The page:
- The 'Elders,' a distinguished group of global leaders led by Kofi Annan, Graca Machel, and Mary Robinson, declared that the negotiations were stalemated, and called on National leaders to intervene directly to find common ground, not only for Paris but for the the Sustainable Development Goals agreement to be hashed out in New York late this month.
- Guaranteed funding for the promised $100 billion/year mitigation and adaptation ("loss and damage") fund (aka the Green Climate Fund) remains a potential deal breaker for the developing nations (the 134 nations in the 'G77' group) who will need the funding to implement their own plans. About 20 of the wealthiest nations, including the US and the EU, issued a statement last week in Bonn that laid out complex rules for how this money would be accounted (the point is in part to avoid counting existing funding in the total). While precise modes and pledges are far from ready, the signatories do seem committed to a transparent process--involving a very complex array of national, international, public/private, and other sorts of funding--a good sign, but not yet a deal.
- Procedurally, the Bonn meeting took a big step by delegating to smaller group of co-chairs the task of producing a new, streamlined draft of the UNFCCC agreement by early October. That would set the stage for finalizing the Paris document in advance of the actual Paris conference--an essential deadline if any meaningful agreement is to be reached at the huge Paris event. Various participants pointed to this procedural move as a major display of trust by national delegates--riven as they are by tensions and competing interests--though it could also be seen as a desperate maneuver to break through the logjam that has so far produced diffuse, unusable drafts.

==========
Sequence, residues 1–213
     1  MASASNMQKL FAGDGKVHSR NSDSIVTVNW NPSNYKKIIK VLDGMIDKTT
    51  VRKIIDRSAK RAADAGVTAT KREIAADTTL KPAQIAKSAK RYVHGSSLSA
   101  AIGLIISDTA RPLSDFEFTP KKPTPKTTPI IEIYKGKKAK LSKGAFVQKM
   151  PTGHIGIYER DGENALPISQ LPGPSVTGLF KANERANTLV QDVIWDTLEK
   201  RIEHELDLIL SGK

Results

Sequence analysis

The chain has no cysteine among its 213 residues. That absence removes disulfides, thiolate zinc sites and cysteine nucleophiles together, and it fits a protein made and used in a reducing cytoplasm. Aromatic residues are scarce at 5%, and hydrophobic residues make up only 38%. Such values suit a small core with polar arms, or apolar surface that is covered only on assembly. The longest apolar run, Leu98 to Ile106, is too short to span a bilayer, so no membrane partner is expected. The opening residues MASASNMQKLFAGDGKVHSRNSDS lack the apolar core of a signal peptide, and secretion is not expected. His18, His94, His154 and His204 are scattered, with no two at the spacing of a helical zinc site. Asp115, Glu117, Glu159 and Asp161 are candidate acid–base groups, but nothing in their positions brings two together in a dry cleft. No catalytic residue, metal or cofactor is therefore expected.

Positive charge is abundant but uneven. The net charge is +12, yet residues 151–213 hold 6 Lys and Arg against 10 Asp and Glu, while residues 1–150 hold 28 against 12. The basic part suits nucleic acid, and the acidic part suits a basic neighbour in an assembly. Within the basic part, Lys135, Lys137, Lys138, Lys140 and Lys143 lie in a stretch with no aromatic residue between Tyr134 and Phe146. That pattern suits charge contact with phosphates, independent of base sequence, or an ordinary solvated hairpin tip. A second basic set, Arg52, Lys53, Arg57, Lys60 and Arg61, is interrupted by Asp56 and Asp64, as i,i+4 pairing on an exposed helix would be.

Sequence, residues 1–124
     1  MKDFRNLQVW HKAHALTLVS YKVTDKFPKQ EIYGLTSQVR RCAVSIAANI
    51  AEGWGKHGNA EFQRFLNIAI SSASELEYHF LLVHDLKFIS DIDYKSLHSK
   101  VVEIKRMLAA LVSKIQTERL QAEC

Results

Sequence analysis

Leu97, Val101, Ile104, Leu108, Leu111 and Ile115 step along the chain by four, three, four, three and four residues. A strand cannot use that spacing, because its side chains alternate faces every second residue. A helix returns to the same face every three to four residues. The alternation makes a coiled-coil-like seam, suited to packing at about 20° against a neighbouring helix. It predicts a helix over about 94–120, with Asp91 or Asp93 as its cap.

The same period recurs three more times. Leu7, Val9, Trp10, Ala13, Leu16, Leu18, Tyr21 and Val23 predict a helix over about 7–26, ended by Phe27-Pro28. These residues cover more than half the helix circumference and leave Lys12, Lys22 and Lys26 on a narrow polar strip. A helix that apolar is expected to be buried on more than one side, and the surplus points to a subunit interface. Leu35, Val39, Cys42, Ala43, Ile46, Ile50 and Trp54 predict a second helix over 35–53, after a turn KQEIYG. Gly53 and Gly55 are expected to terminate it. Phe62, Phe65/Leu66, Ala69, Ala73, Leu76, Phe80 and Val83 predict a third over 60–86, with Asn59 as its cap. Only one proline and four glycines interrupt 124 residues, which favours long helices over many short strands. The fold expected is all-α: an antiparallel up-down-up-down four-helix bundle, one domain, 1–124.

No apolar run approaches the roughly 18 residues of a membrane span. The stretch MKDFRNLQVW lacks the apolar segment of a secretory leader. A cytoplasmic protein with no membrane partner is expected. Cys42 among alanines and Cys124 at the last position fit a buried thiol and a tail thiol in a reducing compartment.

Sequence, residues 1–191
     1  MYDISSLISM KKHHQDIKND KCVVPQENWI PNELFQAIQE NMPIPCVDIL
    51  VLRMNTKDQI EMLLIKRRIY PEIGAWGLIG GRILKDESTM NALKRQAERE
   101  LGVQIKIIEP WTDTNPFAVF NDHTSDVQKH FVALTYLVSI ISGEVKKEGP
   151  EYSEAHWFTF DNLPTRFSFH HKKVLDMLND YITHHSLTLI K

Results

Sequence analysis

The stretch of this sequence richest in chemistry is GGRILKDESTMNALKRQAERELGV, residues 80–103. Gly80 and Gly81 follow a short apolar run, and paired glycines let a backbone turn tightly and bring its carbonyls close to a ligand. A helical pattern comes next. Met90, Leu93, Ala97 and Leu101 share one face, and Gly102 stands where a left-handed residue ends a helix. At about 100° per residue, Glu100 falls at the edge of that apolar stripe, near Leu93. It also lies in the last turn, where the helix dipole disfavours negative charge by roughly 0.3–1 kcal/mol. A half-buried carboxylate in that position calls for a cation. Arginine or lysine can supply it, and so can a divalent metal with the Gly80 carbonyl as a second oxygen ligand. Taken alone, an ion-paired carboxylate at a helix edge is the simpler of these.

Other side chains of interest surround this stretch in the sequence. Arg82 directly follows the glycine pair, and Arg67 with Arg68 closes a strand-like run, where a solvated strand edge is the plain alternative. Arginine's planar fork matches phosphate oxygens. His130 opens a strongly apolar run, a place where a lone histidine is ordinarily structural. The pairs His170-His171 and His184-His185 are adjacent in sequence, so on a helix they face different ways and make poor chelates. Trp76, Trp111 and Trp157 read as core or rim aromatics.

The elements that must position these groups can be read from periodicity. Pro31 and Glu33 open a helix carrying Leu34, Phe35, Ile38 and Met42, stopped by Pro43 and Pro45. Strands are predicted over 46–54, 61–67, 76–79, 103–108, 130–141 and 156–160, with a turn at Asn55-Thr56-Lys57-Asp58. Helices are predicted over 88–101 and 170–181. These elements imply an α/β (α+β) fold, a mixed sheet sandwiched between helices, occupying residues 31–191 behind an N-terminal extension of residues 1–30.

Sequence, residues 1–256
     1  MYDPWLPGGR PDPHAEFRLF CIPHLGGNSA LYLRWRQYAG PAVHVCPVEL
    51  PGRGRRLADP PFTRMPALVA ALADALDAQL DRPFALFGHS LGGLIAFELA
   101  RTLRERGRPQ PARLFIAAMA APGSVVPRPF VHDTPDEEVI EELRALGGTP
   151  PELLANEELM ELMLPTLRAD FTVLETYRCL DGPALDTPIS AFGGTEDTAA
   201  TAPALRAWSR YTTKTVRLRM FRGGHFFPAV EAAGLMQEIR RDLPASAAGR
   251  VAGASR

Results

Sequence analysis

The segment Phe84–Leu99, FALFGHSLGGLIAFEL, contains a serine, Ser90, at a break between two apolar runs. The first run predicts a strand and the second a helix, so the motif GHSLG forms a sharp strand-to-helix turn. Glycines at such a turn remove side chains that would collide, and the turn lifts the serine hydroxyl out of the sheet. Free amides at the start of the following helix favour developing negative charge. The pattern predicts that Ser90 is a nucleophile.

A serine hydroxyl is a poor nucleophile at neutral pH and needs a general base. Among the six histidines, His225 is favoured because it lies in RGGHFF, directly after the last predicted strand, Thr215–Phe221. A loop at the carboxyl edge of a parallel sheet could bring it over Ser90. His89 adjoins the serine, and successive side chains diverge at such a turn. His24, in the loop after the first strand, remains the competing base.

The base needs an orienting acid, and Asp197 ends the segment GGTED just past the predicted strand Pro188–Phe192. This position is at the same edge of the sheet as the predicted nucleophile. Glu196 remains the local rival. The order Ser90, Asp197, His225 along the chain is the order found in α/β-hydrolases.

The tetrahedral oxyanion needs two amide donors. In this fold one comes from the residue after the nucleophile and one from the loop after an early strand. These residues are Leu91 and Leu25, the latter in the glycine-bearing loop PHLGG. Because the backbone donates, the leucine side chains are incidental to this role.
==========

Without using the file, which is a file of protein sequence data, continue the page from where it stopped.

It has long been clear that these months leading up to Paris would determine the real work of forging global agreements that the Paris meeting will only have time to acknowledge, perhaps tweak, and sign. The phrase 'legally binding' is being used with greater frequency in these preliminaries, though it isn't at all clear that major players such as the US, China, and India will sign any such thing. Diplomats speak an inscrutable tongue, so it's hard to know really how much mistrust, difference of opinion, and outright resistance is being rubbed away in these seemingly nonstop sessions such as the one in Bonn. But the declaration of some--that the sessions are doing much better than those that preceded Copenhagen--should perhaps be taken as a good sign, if not quite a promise.